Hydromassage Bathtub Electrical Codes

Question: Hydromassage Bathtub Electrical Codes

I was asked about how to connect a whirlpool tub outdoors and that prompted me to write this article for you. A reader wanted to know if there was "anything special" he'd have to do to hook it up. It can't be that hard, right? Just run a drop cord to it and off you go, wrong! There are indeed certain rules and regulations for this type of installation to ensure safety for all.


The National Electrical Code has rules and safety information that targets all areas of both work and home settings. These include hydromassage bathtubs, spas, whirlpool tubs, and showers. As you should know by now, water and electricity do not mix, in fact, together, they can set up a highly dangerous and deadly combination, if they are not installed with safety in mind. By following the rules of the code, you can enjoy the refreshing and relaxing benefits of a hydromassage bathtub without the worry of electrical dangers.

Remember, when you get out of the tub, you're soaking wet and a great grounding conductor, that is, if you come in contact with electricity. To prevent this, there are devices that have been developed to keep you out of harm's way. GFCI breakers and outlets have been the safety devices of choice to do just that. They sense a difference in potential and react in a split second to disconnect the power and shut down the circuit connection.

The National Electrical Code addresses this in article 680.71. It states that hydromassage bathtub electrical equipment must be on an individual branch and be protected by a readily accessible GFCI device. This may be accomplished by a GFCI outlet or breaker.

In section 406.11, it states that all 15- and 20-amp, 120-volt receptacle outlets must be listed tamper resistant type.

But what is a tamper resistant type, you ask? According to the NFPA (National Fire Protection Association), "The 2008 National Electrical Code®(NEC®) will require new and renovated dwellings to have tamper-resistant (TR) receptacles. These receptacles have spring-loaded shutters that close off the contact openings, or slots, of the receptacles. When a plug is inserted into the receptacle, both springs are compressed and the shutters then open, allowing for the metal prongs to make contact to create an electrical circuit. Because both springs must be compressed at the same time, the shutters do not open when a child attempts to insert an object into only one contact opening, and there is no contact with electricity. Tamper- resistant receptacles are an important next step to making the home a safer place for children."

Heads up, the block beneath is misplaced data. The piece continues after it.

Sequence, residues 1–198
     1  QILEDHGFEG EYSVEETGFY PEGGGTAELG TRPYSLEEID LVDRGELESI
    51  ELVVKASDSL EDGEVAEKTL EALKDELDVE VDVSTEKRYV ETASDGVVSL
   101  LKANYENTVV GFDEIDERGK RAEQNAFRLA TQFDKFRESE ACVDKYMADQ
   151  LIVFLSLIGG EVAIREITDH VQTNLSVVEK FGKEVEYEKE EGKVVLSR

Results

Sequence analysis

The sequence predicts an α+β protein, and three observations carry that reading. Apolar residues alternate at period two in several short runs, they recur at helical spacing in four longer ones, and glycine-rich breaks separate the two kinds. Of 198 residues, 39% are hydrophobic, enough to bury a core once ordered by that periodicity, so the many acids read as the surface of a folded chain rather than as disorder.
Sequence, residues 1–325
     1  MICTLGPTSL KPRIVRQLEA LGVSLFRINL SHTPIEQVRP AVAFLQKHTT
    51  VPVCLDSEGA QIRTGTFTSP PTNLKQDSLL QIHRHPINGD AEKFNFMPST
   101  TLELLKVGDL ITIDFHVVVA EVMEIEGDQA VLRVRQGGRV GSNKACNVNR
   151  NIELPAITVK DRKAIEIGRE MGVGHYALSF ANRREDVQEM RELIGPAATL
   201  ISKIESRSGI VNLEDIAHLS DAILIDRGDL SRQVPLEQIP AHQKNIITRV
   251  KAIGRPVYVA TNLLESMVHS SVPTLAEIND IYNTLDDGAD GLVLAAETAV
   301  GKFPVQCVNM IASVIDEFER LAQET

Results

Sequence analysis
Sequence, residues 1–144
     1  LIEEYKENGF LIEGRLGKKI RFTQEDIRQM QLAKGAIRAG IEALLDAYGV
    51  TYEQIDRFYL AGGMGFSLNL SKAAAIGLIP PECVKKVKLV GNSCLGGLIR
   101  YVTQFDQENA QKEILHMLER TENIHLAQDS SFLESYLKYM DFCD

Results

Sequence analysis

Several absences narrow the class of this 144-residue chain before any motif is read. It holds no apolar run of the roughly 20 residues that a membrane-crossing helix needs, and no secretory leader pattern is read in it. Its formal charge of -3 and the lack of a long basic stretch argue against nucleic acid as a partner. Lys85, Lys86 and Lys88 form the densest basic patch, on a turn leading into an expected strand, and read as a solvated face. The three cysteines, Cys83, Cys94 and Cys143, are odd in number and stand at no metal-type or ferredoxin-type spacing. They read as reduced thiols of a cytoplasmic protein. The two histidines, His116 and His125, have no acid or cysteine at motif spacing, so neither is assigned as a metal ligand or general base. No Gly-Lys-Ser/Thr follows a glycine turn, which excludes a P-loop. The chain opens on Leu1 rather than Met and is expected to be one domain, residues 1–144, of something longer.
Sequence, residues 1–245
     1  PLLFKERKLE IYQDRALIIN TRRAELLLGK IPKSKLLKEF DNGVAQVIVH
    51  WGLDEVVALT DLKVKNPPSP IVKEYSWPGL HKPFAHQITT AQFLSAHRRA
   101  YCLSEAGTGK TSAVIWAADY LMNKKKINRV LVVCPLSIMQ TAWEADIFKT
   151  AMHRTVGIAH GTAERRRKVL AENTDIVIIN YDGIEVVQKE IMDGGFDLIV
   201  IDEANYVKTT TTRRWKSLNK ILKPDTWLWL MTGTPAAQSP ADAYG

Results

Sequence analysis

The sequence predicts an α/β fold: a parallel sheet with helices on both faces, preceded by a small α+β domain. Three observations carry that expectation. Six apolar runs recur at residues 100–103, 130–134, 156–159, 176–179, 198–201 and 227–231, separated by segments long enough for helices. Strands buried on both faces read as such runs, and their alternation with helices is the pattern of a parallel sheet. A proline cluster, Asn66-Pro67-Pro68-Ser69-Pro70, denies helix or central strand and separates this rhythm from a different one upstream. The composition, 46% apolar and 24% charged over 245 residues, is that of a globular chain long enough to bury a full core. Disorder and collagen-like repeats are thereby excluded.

Now you may think that if you do not have children you are exempt from this rule, but you're not. In fact, all homes are required to have them. You may not have children in your home everyday, but what about when your grandchildren, friends or neighbors stop by with their children? Surely they wouldn't explore your outlets, right? Wrong again!

Now, back to the hydromassage tub.

In article 680.73, it states that access is required to all electrical equipment for hydromassage bathtubs. Any equipment is subject to inspection, upgrades, maintenance, and cleaning. Without proper access, this makes the job difficult, if not impossible. In fact, in article 100, the NE defines readily accessible as capable of being reached quickly for operation, renewal, or inspections without requiring those to whom ready access is requisite to climb over or remove obstacles or to resort to portable ladders, and so forth. In other words, put an access door in where everything is accessible easily and without restriction. Plainly put, make it easy on yourself and others to maintain your tub components.

Now, maybe the most important item on my list. In article 680.74, it states that metal piping systems and all grounded metal parts in contact with the water must be bonded together with a solid copper wire not smaller than #8.

This includes the copper water pipes and pump motor grounds, which usually have an exterior ground lug for the connection.

Like an bathroom, it's almost unthinkable not to have a bath fan. In article 110.3(B), it states that bath fans installed directly above showers must be GFCI protected. This only makes sense because, after all, you are standing in a puddle of water with water flowing all over your body, not to mention that you are flailing water all over, eve towards the fan.